The 55 examples of this style illustrate a typically wide variety of plans, details and wall sheathings. Most are faced with a combination of brick and stucco and half timbering, in some cases with brownstone trim or randomly laid brownstone blocks in brick walls. Two houses are faced entirely in brownstone (1010 Prospect Avenue, a Smith and Bassette design of 1919, and 1189 Prospect Avenue, a William T. Marchant commission of 1924). Irregular rooflines with multiple, often cross, gables are common. 820 Prospect Avenue is an early example (1901-02). Its broad, paired, front cross gables were copied in several later houses (including an otherwise Georgian Revival at 1040 Prospect Avenue), such as 39 Woodside Circle (1927, Russell F. Barker), which is much larger and more subdued than the earlier building. This house has bands of casement windows, while others of this style more often have pairs or groups of double-hung sash windows. 1205 Prospect Avenue (1926) is one of only a few examples that combine half-timbering with herringbone pattern brickwork, but the design of its front porch, positioned under the flared slope of the front roof, is found elsewhere.
Compared to the asymmetry of these houses, 1270 Asylum Avenue (1909) appears almost Colonial Revival in plan, but its stucco facing and windows are distinctively Tudor Revival. An English Tudor cottage inspiration is the basis for the plan and details of 20 Sycamore Road (1916, A. Raymond Ellis), with its picturesque, false thatched roof. The headquarters of the Episcopal Diocese of Connecticut at 1335 Asylum Avenue (1913, Erick K. Rossiter), one of only two Jacobethan Revival buildings in the Prospect Avenue Historic District, is also unusual because of its Georgian Revival front entrance.
French Norman Chateau
A few of the later houses in the Prospect Avenue Historic District are French Norman Chateau in style. Their features include steep hipped roofs, usually covered in slate; brick exterior walls, highlighted by cornices in decorative brick patterns; polygonal or round towers; and Tudor-style casement windows. 1 Woodside Circle (1926-27, T. Merrill Prentice) and 105 Scarborough Street (1930, Milton E. Hayman) are representative examples of this style.
A few individual examples of other styles may also be found in the Prospect Avenue Historic District. 810 Prospect Avenue (1907, Isaac A. Allen, Jr.) is an unusual house, like few others in Hartford. Its massing is a cross between a Swiss Chalet and a Craftsman house; its rich, decorative wood detailing and stickwork reflect both Craftsman and perhaps medieval inspiration; and its long lines and contrasting light and dark colors suggest an oriental influence. 157 Elizabeth Street (1911) is the only arguably Prairie Style building in the Prospect Avenue Historic District, with its raised geometric design brickwork and strong sense of horizontality. 270 Whitney Street (1913, A. Raymond Ellis) similarly is unique in its Spanish Colonial Revival style.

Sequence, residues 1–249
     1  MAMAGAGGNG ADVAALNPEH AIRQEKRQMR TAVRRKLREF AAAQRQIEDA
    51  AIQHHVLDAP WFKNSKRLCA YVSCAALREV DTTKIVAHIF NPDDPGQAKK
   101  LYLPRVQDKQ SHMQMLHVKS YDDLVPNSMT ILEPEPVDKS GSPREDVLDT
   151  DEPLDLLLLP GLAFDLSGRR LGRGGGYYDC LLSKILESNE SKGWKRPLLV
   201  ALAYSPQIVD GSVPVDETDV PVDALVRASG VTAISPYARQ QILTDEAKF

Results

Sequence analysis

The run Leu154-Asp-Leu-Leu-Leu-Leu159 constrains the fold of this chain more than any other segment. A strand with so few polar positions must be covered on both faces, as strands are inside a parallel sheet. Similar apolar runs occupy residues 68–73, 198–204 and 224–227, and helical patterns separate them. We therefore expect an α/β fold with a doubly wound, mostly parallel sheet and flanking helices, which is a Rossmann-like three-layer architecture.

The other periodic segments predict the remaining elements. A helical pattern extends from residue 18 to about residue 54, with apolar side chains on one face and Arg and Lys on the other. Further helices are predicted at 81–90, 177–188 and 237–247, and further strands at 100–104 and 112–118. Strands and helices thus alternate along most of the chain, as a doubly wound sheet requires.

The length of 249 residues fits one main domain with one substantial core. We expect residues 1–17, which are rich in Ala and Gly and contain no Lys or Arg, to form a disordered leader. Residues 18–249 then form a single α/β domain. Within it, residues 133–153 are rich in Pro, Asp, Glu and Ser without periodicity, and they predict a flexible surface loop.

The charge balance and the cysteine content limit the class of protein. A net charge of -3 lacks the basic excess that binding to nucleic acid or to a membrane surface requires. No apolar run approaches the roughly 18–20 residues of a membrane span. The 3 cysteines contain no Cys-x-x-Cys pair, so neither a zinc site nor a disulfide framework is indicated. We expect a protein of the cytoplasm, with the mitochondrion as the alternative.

The Prospect Avenue Historic District is architecturally significant because it is a cohesive and virtually intact area of spacious, primarily early-20th century, homes that are excellent examples of the architectural styles popular in Hartford during that period. The sense of lifestyles and affluence conveyed by this splendid collection of buildings is striking. Most of these residences are architect-designed, and among these architects are several of national significance, such as Charles Adams Platt, and the most important then working in Hartford. The Prospect Avenue Historic District possesses historic significance because by 1900, it had become a premier residential address in the Hartford area and the home of many of the business, political and social leaders of the city. The Prospect Avenue Historic District's extensive associations with the prominent Goodwin family are particularly important.
The architectural and environmental cohesion in this Prospect Avenue Historic District is remarkable. With few exceptions, all of the houses built between 1910 and 1930, the period of the district's greatest development and significance, are still standing. As a consequence of its outstanding integrity, the area reflects the values and pretensions of the affluent citizens of Hartford at that time. The juxtaposition of excellent examples of different styles of architecture creates streetscapes of great visual interest. The abundant and well-developed foliage, often laid out in artistic designs to frame these homes, contributes much to this ambience.
The high quality and stylistic breadth of architecture heighten the Prospect Avenue Historic District's sense of unity. Most of the architectural styles popular in America; from the end of the 19th century and into the first quarter of the 20th are represented here. These styles include the Italian Villa (837 Prospect Avenue), Queen Anne (825 Prospect Avenue), French Norman Chateau (1 Woodside Circle), Spanish Colonial Revival (270 Whitney Street) and Prairie (157 Elizabeth Street). The last two of these buildings are among the few residential examples of their styles in Hartford.